If you wish to master aurora photography and learn from award winning photographers then check offer by Iceland Photo Tours at https://iceland-photo-tours.com/ On 25th February 2014 Sun produced X4.9 flare which on 27th February caused G2 (KP 6) geomagnetic storm on Earth. It was the brightest aurora display so far during this solar maximum which I could witness with auroral displays overhead in the far north of Scotland. This short movie illustrates what has been seen from latitude 58.3 degrees north. Here is a link to the music used, as many of you asked about it http://www.pond5.com/stock-music/10700102/cello-trailer-sound.html
Views: 6949277 Maciej Winiarczyk
The Northern Lights are one of the most beautiful scientific phenomena you can witness. While you may think you need to travel far to get a glimpse of them, there are a handful of states in America that give you a perfect view. What the video above to find out where (and when!) and check this activity off your bucket list. We partnered with Hilton Garden Inn to show you all the places in the United States where you can see the Northern Lights. Subscribe to POPSUGAR Girls' Guide http://www.youtube.com/subscription_center?add_user=popsugargirlsguide Find us on Snapchat! Username is popsugar
Views: 5381 POPSUGAR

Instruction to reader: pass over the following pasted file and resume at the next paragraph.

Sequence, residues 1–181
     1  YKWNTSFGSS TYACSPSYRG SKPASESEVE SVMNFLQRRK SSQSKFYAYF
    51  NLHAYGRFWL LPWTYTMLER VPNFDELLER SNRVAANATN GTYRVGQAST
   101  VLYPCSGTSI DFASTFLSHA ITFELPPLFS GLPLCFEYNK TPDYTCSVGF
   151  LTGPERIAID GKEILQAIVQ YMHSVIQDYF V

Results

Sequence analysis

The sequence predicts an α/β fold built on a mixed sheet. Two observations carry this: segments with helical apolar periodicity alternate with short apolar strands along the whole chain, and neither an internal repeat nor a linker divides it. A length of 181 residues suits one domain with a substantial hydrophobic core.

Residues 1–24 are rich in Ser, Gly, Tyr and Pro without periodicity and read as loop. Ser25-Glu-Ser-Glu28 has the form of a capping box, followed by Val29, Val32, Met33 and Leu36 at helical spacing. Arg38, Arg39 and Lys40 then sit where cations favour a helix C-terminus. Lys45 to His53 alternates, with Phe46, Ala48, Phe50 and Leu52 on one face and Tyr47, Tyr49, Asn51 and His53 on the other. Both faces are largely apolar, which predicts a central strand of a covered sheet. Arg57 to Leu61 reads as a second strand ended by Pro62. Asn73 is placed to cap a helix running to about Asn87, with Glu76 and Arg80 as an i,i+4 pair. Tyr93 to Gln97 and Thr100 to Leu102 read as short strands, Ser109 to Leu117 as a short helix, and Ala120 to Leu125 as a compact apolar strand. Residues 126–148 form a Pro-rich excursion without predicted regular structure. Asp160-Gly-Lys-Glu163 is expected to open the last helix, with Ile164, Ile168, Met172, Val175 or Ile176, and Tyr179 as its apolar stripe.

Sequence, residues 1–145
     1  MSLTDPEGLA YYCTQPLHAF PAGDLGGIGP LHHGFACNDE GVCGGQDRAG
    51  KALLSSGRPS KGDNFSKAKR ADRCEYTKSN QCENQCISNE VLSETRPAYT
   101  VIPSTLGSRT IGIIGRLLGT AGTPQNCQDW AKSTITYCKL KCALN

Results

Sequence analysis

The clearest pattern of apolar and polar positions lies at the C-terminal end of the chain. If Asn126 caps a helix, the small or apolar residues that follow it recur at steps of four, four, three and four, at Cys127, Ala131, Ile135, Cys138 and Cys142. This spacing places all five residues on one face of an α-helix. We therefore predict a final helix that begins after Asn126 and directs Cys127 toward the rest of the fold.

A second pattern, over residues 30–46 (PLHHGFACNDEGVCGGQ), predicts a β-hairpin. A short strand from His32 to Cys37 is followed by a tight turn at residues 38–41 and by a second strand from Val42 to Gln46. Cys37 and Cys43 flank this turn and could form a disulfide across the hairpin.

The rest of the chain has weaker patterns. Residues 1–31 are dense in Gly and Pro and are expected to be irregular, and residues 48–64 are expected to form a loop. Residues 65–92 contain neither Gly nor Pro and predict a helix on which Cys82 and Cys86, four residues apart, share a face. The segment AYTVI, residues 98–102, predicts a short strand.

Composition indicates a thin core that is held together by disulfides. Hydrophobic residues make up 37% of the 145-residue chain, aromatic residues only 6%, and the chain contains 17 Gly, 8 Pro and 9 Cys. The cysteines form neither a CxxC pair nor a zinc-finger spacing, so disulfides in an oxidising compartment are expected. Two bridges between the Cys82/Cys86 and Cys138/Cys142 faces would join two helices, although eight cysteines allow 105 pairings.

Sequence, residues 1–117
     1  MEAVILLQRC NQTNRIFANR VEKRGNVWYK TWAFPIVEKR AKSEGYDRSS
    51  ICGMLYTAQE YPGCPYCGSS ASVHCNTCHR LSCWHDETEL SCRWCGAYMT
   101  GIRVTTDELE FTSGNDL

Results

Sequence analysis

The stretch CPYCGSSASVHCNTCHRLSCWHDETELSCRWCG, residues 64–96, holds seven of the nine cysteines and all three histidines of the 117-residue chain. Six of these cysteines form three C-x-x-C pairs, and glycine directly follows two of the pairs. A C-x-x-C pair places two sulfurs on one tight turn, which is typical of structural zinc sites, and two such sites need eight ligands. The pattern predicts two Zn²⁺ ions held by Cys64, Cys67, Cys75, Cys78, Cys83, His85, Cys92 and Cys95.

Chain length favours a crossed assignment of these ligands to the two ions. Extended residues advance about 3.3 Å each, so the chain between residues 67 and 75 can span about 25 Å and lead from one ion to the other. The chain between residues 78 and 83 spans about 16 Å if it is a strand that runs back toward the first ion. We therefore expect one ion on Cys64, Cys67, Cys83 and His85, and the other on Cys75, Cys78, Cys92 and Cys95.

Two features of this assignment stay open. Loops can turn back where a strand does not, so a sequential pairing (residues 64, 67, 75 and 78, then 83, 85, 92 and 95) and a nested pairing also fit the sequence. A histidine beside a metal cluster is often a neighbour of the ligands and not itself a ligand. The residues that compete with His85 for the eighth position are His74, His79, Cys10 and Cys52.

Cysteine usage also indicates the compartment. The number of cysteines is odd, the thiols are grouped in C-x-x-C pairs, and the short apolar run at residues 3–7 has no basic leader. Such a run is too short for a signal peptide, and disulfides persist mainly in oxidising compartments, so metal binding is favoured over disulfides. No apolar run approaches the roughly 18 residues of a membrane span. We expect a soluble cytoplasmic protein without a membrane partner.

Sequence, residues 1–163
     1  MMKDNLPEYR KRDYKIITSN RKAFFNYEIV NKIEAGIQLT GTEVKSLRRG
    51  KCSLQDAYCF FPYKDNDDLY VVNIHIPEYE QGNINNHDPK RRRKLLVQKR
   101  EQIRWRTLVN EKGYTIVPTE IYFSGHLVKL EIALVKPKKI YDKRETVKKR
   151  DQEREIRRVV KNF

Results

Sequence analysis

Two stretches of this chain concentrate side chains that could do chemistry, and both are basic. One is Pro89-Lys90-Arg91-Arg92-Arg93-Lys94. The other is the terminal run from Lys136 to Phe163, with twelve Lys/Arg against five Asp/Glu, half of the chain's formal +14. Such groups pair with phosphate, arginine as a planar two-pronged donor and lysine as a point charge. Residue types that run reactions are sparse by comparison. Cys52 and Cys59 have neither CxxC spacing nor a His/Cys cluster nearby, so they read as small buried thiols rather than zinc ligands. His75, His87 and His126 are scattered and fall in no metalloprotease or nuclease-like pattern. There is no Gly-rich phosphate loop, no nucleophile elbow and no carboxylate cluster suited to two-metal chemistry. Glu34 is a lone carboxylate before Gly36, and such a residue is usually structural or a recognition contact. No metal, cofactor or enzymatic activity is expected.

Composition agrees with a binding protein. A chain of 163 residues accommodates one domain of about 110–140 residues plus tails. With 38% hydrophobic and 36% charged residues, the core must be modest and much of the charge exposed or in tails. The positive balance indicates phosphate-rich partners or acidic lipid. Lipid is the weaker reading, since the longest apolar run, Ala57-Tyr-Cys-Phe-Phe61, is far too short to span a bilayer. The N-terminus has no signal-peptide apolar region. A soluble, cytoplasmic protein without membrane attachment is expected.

Officially known as Aurora Borealis, the Northern Lights are one of nature's most spectacular visual phenomena. Appearing in many forms from patches or scattered clouds of light to streamers, arcs, curtains or shooting rays, the northern lights' amazing light display can be observed in the sky of high latitude regions such as Norway or Canada. You might know the cause of this natural phenomenon (collision of solar wind and magnetospheric charged particles) but there are many more interesting facts about this unreal spectacle that are worth learning. Here are 25 of them, illustrated with some of the most amazing Northern Lights pictures you have ever seen. https://twitter.com/list25 https://www.facebook.com/list25 http://list25.com Check out the physical list here for some extra info and explanations - http://list25.com/25-interesting-facts-about-northern-lights-you-should-know-before-you-see-them/ And now for a quick preview: The most spectacular Northern Lights in recent recorded history are considered those from the "Great geomagnetic storm" on 28 August and 2 September 1859. Studies have shown that a solar storm of this magnitude occurring today would likely cause widespread problems for modern civilization. Astronauts on board the International Space Station are at the same altitude as the Northern Lights and see them from the side. The Southern Lights offer the same visual display as the Northern Lights but since the South Pole is even more inhospitable and inaccessible than the North Pole, it is more difficult to view the Southern Aurora. Therefore, the Northern Lights are more popular and get almost all the attention. There are several towns famous for their great conditions for watching the Northern Lights. In North America, the aurora tourism capital is Yellowknife (Northwest Territories, Canada), while Tromso (Northern Norway) is the same for Europe. There have been many legends about the Northern Lights. Some North American Inuit tribes call the aurora „aqsarniit“ (meaning “football players”) thinking it is the spirits of the dead playing football with a head of a walrus. The colors of the Northern Lights depend on what gas is involved and how high in the ionosphere the reaction takes place. Blue and green lights form at lower altitudes while red color comes from the highest altitudes. Auroras tend to be more frequent and spectacular during high solar sunspot activity, which cycles over approximately eleven years. The last climax was in 2013. [...]